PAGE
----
LOS ANGELES — Sony’s press conference, hot on the heels of Nintendo’s and a long, smoggy cab ride away, is rolling.
Jack Tretton, top dog at Sony in the U.S., started with some history. Fifteen years ago this week, executives at Sony gave the green light to the original PlayStation. The company was ahead of the technology curve then, introducing gamers to CDs, Tretton said. It’s successor, PlayStation 2, was built with a 10-year plan in mind, and has now sold some 140 million units.
His message: Don’t count the PlayStation 3 out because Sony has consistently built its machines for a 10-year life cycle, with technology that’s ahead of the curve when it’s introduced. The Blu-ray high-def DVD player and powerful IBM Cell processors are exhibits a and b.
Since 1995, PlayStation has generated more than $50 billion at retail. Tretton noted that Sony is the only company with three console platforms in the market simultaneously: PlayStation 3, PS2 and the PSP portable unit.
Update, 12:17 p.m. Sony is relying on the $129 PS2 to help introduce it to the new mass-market audience that Nintendo has owned in this generation, and Microsoft is pursuing. Tretton announced a $149 PS2 “family pack” including “Lego Batman” and a “Justice League” movie.
He also emphasized the PS2’s strength as a platform for social gaming — that was another theme that Microsoft emphasized in its press conference yesterday.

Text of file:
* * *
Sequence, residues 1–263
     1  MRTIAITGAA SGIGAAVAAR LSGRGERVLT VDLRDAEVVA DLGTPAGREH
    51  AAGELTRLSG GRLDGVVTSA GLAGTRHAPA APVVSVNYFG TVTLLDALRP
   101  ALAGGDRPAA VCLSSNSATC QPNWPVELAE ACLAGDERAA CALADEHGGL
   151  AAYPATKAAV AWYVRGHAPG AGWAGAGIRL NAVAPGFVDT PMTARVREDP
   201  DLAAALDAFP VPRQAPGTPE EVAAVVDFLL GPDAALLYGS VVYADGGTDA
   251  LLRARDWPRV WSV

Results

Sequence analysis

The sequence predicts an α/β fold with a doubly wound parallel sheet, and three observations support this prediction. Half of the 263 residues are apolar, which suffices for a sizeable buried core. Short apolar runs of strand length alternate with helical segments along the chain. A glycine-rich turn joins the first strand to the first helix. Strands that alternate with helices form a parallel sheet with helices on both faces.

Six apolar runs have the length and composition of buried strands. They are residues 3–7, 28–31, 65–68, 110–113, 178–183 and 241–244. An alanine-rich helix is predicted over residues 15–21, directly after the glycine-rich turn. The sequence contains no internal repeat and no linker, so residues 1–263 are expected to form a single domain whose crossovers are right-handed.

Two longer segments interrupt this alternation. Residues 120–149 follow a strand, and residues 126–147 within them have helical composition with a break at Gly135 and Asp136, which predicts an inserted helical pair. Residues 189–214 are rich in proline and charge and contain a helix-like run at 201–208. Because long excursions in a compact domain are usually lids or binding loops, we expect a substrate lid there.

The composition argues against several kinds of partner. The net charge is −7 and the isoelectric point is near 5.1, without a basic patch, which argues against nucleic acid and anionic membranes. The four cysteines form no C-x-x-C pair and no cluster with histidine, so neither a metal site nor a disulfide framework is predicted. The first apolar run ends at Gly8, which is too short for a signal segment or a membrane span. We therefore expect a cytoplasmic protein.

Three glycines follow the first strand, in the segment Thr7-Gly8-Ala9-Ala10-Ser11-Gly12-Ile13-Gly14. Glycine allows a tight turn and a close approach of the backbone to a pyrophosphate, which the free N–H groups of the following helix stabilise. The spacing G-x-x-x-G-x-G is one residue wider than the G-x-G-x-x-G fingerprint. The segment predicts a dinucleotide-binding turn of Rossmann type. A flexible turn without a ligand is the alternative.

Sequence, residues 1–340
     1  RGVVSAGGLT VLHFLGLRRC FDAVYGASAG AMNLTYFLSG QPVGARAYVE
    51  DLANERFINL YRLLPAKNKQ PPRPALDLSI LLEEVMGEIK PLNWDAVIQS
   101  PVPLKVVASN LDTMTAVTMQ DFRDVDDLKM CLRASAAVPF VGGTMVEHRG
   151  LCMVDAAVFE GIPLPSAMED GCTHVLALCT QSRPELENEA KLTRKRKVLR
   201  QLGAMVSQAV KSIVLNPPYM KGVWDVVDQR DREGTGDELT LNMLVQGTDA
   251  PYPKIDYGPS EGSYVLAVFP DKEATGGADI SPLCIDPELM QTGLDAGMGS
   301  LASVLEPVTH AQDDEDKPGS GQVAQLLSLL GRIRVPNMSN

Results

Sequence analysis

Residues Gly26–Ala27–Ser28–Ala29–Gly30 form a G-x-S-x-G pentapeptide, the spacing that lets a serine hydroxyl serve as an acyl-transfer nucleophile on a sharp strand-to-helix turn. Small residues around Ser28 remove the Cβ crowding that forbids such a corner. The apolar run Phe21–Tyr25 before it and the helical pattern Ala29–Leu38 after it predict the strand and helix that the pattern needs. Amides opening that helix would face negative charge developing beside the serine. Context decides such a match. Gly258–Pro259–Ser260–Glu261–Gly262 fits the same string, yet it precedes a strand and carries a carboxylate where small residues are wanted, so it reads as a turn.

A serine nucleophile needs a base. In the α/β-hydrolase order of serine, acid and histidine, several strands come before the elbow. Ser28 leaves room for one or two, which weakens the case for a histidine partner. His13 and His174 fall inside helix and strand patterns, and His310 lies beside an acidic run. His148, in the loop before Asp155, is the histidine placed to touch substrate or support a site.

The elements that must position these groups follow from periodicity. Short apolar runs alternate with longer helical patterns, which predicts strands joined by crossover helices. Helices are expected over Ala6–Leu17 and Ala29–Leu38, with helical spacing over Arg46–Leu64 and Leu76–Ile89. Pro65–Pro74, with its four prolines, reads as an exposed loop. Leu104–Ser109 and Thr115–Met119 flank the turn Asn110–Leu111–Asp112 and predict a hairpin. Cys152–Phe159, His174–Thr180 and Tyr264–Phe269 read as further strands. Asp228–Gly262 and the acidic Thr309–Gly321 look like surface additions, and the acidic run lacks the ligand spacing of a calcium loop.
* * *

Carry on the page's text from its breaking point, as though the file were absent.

Update, 12:32 p.m. As expected, Sony is challenging Xbox Live with a new video store. The Sony Playstation Network video store will offer standard- and high-definition television and movie. For starters, the store will carry content from seven studios including Sony, of course, Disney, Lionsgate, MGM, Warner Bros., Fox Film and Television, and Funimation. Content will be available for rental and purchase.
Content purchased from the store can transfered to PSP, so it can be taken to go.
Tretton said the video store will be available tonight.
Update, 12:51 p.m.: Sony just announced a new 80 gigabyte PlayStation 3, “with the same functionality” of the 40-gigabyte console. It will sell for $400, down $100 from the current 80-gig PS3, beginning in September.
“We have millions of PlayStation 2 users on the cusp of upgrading to PS3,” Tretton said. “We want to make that as easy as possible.”
Update, 5:10 p.m.: Corrected spelling of Sony Computer Entertainment America President and CEO Jack Tretton.